Standstill period definition
In the public sector tender process (see our Guide to Public Sector Procurement), there is a mandatory minimum time period between the notification of the contract award decision, and the contract award itself. This is known as the standstill period or Alcatel standstill period, and if a tender is following the standard public procurement rules, it lasts a minimum of 10 days and must be observed.
It is there for the benefit of all parties in the tendering process - the buyer (Commissioning Authority), and the suppliers that have submitted tenders. It helps to ensure the tender process is fair, is adhered to and allows for challenges to be made to the contract award decision, if necessary.
There are some circumstances where the standstill period does not need to be observed:
- Where there is only 1 tenderer (so no unsuccessful suppliers)
- When the contract is allowed to be awarded without publication of a contract notice – e.g. below the thresholds for advertising on Find a Tender (formerly the thresholds for advertising on OJEU)
- Call-off contracts on a DPS or framework, however, it is still recommended good practice in these cases.
For private sector tenders, the same rules on Standstill do not apply, so it is critical for potential suppliers to establish if a private sector buyer is providing a similar opportunity for review, after an initial decision and before signing a contract.
Why is this 10-day standstill period important?
Tenderers (suppliers) can challenge the decision of the Commissioning Authority in this 10-day period.
Tenderers can use this time to review the notice they received from the Commissioning Authority, informing them of the award decision. This notice (often called a standstill letter or Alcatel letter) provides feedback on the tender submitted, the supplier’s score and the buyer’s reasons for their decision (in line with their evaluation methodology). To a greater or lesser extent, feedback can also be provided on the relative advantages of the winning bid and the score for comparison.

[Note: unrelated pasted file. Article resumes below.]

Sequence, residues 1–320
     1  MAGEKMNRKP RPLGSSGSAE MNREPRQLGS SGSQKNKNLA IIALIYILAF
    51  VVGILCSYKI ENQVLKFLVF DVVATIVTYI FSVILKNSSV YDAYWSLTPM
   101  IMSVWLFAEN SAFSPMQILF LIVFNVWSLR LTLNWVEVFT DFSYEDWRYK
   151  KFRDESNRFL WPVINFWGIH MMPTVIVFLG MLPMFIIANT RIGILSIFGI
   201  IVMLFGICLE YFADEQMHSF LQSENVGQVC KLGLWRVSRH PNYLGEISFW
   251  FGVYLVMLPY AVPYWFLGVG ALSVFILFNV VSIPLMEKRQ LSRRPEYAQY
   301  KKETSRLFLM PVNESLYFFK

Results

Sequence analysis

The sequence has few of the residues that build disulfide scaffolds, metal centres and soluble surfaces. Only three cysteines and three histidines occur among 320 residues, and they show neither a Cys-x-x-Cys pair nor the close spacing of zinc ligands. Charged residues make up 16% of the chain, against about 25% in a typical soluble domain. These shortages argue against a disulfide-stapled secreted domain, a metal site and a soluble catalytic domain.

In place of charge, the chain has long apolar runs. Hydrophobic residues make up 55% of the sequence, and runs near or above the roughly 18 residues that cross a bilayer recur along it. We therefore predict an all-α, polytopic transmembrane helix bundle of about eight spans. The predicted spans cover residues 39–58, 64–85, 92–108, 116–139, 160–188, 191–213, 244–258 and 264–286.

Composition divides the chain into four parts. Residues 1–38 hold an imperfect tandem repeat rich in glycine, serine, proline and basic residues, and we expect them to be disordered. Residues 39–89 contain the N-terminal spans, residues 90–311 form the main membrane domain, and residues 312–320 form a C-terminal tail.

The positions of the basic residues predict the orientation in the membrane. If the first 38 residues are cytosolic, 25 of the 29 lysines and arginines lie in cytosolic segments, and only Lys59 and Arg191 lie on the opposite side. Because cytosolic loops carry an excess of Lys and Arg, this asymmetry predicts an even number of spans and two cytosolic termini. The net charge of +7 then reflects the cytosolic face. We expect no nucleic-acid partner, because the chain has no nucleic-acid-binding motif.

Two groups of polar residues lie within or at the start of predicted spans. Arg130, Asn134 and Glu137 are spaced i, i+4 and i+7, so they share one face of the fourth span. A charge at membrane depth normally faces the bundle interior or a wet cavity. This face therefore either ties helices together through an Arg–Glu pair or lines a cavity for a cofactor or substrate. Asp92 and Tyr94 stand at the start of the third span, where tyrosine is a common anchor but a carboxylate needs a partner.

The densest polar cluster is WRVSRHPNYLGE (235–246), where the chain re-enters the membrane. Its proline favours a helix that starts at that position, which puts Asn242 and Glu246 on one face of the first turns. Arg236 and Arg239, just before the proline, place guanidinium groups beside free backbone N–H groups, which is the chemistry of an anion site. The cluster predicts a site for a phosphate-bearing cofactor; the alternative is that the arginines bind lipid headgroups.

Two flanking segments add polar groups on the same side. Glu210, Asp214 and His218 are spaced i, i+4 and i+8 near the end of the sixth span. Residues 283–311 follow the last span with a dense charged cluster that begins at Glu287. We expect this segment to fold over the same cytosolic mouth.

Tenderers can ask the buyer for additional de-briefing information or for a de-briefing session to take place. If this is requested within the first 2 days of the standstill period, it must be completed 3 days prior to the end of the standstill period. A debrief is not always granted, but if your tender was unsuccessful (and even if it was the winner) it is arguably the most important stage of the whole tender process. Gathering the most comprehensive feedback you can and learning the lessons of why it fell short, will ensure your next tender is even stronger and has an even greater chance of winning.
The standstill period may be extended beyond the original 10 days if a number of additional de-briefs are required or if a complaint is made in court.
Any legal challenge of the contract award decision during the standstill period automatically suspends the contract award. Although the standstill period is 10 days long, the deadline to bring any challenges in court is 30 days.
Given the significance of a challenge (perhaps most in delaying a crucial public service), it is important for an unsuccessful tenderer to here to consider whether it is reasonable and appropriate to appeal. Simply being disgruntled with the outcome, sour grapes towards the winner, is not good cause and likely to be quickly dismissed; whereas a well-thought through argument that points to strong indicators of technical errors, discrepancies, bias, are more likely to be considered.
Alcatel was originally a French telecommunications company, since absorbed into Nokia via a number of mergers, so why is the standstill period sometimes called the Alcatel standstill period? This is simply because the standstill rules are a result of the judgement in a pair of linked European Court of Justice cases known as the Alcatel case (Alcatel Austria v Bundesministerium fuer Wissenschaft und Verkehr Case C-81/98 if you want the details).
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